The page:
Iran nuclear talks: Look to cooperation of US-Iran scientists
As talks about Iran’s nuclear program began today in Kazakhstan, it's worth noting the success of ongoing, respectful collaboration between American and Iranian scientists and public-health experts. Such exchanges can cut through the deepest political and media rhetoric.
Annapolis, Md. and Oxford, Miss. — As talks about Iran’s nuclear program began today in Kazakhstan between the P5+1 (the five permanent members of the UN Security Council plus Germany) and Iran, many are doubtful that a suitable agreement will be reached. Relations between the United States and Iran present seemingly insurmountable challenges driven by more than 30 years of mistrust and missed opportunities on both sides.
Unfortunately, we cannot undo that history. However, we do have a choice either to ignore history – or benefit from its lessons. One of those often-overlooked lessons is the demonstrated success of ongoing, respectful collaboration between American and Iranian scientists, doctors, and public health experts. Such exchanges benefit the people of both countries and have the ability to cut through the deepest political and media-driven rhetoric. They offer a critical alternative to the vested interests of the extremist positions we now face.
Two examples of this include recent work in Iran with Iranians, Americans, Canadians, Europeans, and others from the Middle East and North Africa on HIV/AIDS research and education. That work culminated in the first international and fifth annual HIV/AIDS conference in Tehran.
The second example of American-Iranian citizen collaboration is occurring now in the Mississippi Delta, where Iranian doctors and public- health experts are helping adapt Iran’s highly cost effective, rural primary-care system to meet the health-disparity challenges in that impoverished region of the US.
The 2012 HIV/AIDS conference in Tehran was a collaborative effort of universities in the US and Iran, with speakers from the US and Canada invited to make presentations to participants from many countries, including Afghanistan, Kenya, and Pakistan, as well as the Britain and the US. Iran has been praised for the way they have responded to the HIV/AIDS epidemic in its country.
Mississippi, according to the United Health Foundation, is the unhealthiest state in the US. For decades, health disparities between impoverished and more well-to-do citizens in the Delta have been similar to those in developing countries. Over 20 years, Iran’s public health system virtually eliminated health disparities between the urban and rural population – and did so with minimal resources.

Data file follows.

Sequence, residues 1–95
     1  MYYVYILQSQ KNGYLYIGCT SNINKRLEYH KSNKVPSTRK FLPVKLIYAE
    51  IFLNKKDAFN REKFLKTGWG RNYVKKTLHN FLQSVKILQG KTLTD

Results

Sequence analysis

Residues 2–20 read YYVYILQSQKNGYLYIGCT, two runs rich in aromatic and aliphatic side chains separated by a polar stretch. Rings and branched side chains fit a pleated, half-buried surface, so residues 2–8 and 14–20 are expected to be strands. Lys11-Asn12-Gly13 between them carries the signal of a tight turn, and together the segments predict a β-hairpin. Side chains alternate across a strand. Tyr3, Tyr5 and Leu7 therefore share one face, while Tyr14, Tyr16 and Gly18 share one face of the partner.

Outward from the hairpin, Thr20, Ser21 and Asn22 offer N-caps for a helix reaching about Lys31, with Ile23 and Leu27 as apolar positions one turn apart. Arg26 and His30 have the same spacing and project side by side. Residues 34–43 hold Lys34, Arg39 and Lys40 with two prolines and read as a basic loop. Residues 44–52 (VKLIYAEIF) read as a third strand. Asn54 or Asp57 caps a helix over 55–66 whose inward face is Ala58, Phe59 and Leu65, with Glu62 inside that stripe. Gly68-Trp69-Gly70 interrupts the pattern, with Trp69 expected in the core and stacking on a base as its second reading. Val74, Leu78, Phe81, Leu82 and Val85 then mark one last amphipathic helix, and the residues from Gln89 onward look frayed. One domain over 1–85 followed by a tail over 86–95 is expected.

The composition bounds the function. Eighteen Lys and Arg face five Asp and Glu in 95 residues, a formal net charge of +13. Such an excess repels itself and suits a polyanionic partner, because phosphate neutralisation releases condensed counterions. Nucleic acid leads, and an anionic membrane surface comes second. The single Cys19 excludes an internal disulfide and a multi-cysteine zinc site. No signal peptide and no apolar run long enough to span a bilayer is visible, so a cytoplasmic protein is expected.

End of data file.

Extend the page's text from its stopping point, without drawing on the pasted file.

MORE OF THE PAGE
Research initiated in 2007 led to an assessment that the Iranian health-care model could be the much-needed paradigm shift for the Delta, as it would move from medically reactive “sick-care” to that of a proactive, community-based primary health-care system advocated by the World Health Organization.
The Mississippi-Iran rural health project was also a modest but important step to promote peace and better understanding between Americans and Iranians. The key to the project’s success is that it has reversed old patterns that always put Iranians into the position of inferiors seeking help. Now Americans are respectfully asking Iranians for help with one of our problems. From the Iranian point of view, the change is profound.
During a visit to a rural health center in Iran’s Fars Province, Iranian health-care workers said this American request was, in itself, “a miracle.” One worker, seeing the Americans, expressed it this way: “I always knew that rain fell down, but I never knew it could fall up.”
Despite the tensions and barriers, both sides participating in these ongoing humanitarian projects continue to demonstrate a willingness and openness to forge ahead in mutually respectful collaboration. For decades, such two-way scientific engagement has been the cornerstone of health and science diplomacy. Our current efforts follow in the tradition of the collaboration of Soviet and American doctors during the height of the cold war – collaboration that helped pave the way for treaties to reduce the threat of nuclear weapons.
More important, the US-Soviet exchanges provided a critical line of communication between the two sides at a time of suspicion and deep mistrust. This is a lesson from history that should be remembered, and applied today, by the US and Iran.
Ambassador John Limbert is the former deputy assistant Secretary of State for Iran in the State Department's Bureau of Near Eastern Affairs. A former hostage in Iran, he currently is professor of Middle Eastern studies at the US Naval Academy.
James Miller is managing director of Oxford International Development Group in Oxford, Miss., a global health research and consulting firm. In 2007, he initiated what has now become the Iran/Mississippi Delta Rural Health project.